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APA Support Centre: Creative Commons Licensed Works

What is Creative Commons?

Creative commons logo


What is Creative Commons?

Creative Commons (CC) is a way for creators to make ordinarily copyrighted work (books, images, etc.) available to others.

How do I know if something has a CC license?

You will see an image that looks something like this: Copyright symbol of two letter Cs in a circle and image of a stick man in a circle beside it

What does the license allow me to do with the work (book, image, etc.)?

You can usually find the CC license on the page where you found the work. When you click on the CC image license it will indicate what you are allowed to do. Common license terms are that you are allowed to share and adapt/modify the work, as long as you provide attribution (i.e. cite). 

Do I still need to cite something that has a CC license?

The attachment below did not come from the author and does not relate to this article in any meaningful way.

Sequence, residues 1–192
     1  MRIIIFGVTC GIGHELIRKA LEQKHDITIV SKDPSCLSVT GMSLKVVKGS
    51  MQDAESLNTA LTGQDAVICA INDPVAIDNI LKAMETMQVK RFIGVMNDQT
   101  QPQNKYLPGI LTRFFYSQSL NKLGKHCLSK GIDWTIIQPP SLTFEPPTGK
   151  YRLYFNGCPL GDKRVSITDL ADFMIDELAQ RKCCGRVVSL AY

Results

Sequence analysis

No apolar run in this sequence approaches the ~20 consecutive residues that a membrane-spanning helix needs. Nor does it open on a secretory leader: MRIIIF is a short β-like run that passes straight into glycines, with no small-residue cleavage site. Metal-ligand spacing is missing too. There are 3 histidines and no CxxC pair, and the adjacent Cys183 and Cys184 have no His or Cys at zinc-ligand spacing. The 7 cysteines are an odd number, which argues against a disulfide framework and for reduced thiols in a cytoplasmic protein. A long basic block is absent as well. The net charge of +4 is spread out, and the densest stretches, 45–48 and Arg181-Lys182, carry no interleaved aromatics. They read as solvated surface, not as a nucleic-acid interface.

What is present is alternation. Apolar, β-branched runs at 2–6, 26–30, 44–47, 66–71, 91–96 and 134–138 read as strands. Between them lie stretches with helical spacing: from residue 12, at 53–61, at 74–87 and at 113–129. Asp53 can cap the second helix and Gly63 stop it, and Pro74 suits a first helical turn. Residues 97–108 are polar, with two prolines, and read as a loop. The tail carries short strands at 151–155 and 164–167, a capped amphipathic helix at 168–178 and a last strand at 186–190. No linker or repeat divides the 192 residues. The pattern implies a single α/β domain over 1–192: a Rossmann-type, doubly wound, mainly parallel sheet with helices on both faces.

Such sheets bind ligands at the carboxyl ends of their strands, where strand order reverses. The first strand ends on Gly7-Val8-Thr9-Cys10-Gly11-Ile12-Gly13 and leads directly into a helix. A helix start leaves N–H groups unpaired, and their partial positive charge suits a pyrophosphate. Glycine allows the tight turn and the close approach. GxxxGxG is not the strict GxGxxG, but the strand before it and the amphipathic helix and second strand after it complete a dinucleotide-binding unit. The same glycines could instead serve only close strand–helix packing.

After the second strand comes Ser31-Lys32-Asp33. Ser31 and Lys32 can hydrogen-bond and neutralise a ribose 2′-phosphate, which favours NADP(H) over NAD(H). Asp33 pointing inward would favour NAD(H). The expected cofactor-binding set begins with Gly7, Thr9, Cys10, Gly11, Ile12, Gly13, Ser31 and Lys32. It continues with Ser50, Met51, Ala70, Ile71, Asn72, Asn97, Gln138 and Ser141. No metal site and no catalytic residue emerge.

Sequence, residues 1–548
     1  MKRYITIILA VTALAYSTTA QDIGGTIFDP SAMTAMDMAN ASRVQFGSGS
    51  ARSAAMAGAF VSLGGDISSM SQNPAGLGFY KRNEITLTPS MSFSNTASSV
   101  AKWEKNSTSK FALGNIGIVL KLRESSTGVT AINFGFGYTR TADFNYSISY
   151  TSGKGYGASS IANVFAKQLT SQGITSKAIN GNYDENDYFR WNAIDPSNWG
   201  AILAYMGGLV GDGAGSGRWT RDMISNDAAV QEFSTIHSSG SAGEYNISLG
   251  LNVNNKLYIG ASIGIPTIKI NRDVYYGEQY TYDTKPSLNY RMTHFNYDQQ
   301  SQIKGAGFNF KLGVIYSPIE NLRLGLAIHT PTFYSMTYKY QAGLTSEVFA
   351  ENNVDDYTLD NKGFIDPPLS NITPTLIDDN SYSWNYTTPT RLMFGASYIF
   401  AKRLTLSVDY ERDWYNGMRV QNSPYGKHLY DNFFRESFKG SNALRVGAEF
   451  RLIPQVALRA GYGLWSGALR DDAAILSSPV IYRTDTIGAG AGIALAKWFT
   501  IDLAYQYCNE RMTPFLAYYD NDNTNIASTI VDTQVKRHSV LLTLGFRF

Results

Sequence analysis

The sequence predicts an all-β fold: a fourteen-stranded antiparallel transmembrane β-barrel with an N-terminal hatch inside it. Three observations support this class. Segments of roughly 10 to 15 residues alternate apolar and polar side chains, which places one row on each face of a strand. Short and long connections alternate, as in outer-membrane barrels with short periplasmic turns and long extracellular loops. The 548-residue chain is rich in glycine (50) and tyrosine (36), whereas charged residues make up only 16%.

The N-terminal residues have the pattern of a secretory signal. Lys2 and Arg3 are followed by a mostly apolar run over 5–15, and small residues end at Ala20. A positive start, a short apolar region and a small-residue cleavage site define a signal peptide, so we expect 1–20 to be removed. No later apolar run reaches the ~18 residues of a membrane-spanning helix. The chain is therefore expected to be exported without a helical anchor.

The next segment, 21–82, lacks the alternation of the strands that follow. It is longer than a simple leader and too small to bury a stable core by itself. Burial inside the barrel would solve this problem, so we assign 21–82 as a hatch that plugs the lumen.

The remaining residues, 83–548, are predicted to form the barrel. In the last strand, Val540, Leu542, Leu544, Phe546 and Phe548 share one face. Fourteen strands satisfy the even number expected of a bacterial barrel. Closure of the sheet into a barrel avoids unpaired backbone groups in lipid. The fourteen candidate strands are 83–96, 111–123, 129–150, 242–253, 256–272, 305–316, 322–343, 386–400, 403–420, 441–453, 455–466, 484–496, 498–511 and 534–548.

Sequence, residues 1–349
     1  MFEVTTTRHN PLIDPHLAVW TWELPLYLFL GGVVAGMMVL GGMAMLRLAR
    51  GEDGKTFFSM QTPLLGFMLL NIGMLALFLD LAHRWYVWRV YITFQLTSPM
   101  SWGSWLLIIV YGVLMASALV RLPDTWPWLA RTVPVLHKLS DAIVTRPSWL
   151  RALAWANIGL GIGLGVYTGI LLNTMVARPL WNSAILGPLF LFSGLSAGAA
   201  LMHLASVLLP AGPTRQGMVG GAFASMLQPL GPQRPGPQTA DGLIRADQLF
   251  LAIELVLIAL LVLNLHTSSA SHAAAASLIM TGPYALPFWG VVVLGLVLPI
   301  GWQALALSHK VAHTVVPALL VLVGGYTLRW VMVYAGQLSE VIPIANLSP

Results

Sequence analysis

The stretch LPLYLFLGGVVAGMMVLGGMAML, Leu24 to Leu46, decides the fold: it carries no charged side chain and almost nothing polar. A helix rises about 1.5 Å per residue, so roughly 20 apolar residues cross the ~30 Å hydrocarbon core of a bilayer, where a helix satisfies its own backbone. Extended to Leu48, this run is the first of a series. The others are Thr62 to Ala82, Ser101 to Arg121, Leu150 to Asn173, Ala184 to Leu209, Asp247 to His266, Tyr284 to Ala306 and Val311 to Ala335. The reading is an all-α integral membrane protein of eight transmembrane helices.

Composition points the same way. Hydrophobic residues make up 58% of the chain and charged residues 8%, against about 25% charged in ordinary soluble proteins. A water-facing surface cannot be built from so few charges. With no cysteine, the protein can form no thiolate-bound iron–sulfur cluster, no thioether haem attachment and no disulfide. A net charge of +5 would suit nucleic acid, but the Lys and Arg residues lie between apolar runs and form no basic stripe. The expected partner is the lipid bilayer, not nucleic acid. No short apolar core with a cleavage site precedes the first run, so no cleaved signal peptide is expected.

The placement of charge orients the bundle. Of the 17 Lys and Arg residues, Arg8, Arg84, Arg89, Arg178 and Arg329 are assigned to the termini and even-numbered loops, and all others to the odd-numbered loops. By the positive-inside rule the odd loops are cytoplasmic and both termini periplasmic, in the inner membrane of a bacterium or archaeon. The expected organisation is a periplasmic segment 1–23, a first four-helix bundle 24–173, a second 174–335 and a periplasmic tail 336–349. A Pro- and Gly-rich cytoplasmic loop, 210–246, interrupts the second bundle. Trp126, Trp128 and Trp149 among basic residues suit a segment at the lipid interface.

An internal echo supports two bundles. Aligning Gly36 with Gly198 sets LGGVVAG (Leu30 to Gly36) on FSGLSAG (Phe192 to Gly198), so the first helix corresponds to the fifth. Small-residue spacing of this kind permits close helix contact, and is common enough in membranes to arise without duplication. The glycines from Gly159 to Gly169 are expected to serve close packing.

Yes, you always need to credit other people's work.

In most cases, the CC license will specify that you need to "provide attribution" (aka cite), but even when the CC license does not specify that you must provide attribution, Seneca Libraries recommends that you still do so.

Citation Rules:

 Note to Students: Seek clarification from your instructor on how they would like you to cite and which rules to follow. 

When creating a digital assignment, the Creative Commons formatting rules (on this page under Attributing Sources) may be all that is required by your instructor. 

When writing in APA, you may want to consult with your instructor for citing the CC licensed work, with the added Creative Commons license information, as there are no current APA instructions for citing CC licensed works.